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In Deshaun Watson’s first game of the season, Cleveland’s offense didn’t score a touchdown. The Browns beat the Texans, 27-14, with two defensive TDs and one 76-yard punt return by Donovan Peoples-Jones. Aside from Watson’s return against the organization that traded him, this was a mediocre team beating up on a one-win squad.

Watson hadn’t played in an NFL game for 700 days. Though his absence originally began as a holdout, the Houston Texans shelved the quarterback for the 2021 season among accusations of sexual misconduct during massage therapy appointments from two dozen women. After Watson was traded to the Browns in March, the NFL’s investigation concluded with an 11-game suspension. He settled almost all of the lawsuits over the summer, though two are still active, including a new complaint filed in October.

The reaction to Watson’s return to Houston was mixed. Before the game, he signed autographs and greeted Texans owner Cal McNair.

When Watson actually started to play, the crowd booed. Were they booing because of his misconduct, or because they wished he hadn’t left the Texans?

Most of the Watson-related attire and signs were what you’d expect from NFL fans who would attend a game in person:

The game was treated like some kind of regular homecoming for a team’s former player, with minimal attention to why he was no longer with the team in the first place. It was strange, to say the least. The Browns had Watson film a postgame video so they could share it on Twitter. He also chatted with his former Texans teammates and exchanged jerseys.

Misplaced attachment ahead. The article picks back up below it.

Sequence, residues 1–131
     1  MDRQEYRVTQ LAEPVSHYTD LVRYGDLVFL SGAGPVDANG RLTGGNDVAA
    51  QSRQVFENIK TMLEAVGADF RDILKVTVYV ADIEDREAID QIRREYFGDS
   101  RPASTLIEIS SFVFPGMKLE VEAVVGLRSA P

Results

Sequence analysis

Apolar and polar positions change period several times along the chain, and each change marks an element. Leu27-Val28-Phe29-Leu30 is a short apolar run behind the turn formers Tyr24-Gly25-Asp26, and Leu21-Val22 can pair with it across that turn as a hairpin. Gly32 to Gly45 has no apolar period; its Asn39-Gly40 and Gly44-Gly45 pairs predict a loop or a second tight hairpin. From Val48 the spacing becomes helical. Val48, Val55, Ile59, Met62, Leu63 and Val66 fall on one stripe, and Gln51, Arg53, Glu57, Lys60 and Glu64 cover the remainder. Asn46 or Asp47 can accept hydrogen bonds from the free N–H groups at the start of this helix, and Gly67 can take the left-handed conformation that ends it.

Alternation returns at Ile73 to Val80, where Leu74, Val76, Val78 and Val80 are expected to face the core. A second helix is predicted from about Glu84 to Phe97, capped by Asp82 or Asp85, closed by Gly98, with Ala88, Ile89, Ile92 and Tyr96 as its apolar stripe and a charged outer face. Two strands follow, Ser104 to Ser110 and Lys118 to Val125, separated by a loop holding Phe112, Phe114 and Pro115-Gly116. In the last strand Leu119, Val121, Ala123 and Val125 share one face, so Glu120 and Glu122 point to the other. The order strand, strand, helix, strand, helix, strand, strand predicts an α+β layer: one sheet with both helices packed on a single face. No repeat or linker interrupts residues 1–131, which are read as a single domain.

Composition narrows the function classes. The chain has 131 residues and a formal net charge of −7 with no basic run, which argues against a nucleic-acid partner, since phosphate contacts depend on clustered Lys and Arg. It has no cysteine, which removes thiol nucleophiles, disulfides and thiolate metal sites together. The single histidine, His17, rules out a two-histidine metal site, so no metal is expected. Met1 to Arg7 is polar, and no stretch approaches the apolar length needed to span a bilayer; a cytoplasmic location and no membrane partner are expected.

Early Sunday morning, hours before the game, ESPN’s Adam Schefter reported that the quarterback was making “signs of progress” in his mandatory treatment program, part of the NFL’s discipline along with the 11-game suspension:

“He’s been progressing well and he wants to continue with it, and they feel it’s helping him,” one source connected to Watson’s treatment program said. “It’s just sort of ongoing as needed, and it’ll be ongoing until it’s not needed anymore. And I think it’s given him a lot of help and support. But this could take a while.”

As our former colleague Kalyn Kahler pointed out, absent from this report is: the nature of the treatment program, what Watson is doing for the program, or the specific progress he’s made. An anonymous source in the report said Watson’s “clinician said he shouldn’t comment on his treatment program and he’s not allowed to get into his legal situation.” It was a truly embarrassing article by Schefter, who knew he could contribute to the usual NFL Sunday pregame news cycle by publishing a Watson update that would reflect well on the league, as if it had handled his behavior correctly. The creep has been rehabilitated; the exact nature of the rehabilitation remains unknown. Everyone else played their parts in a day that contended for the lowest point of the NFL season.



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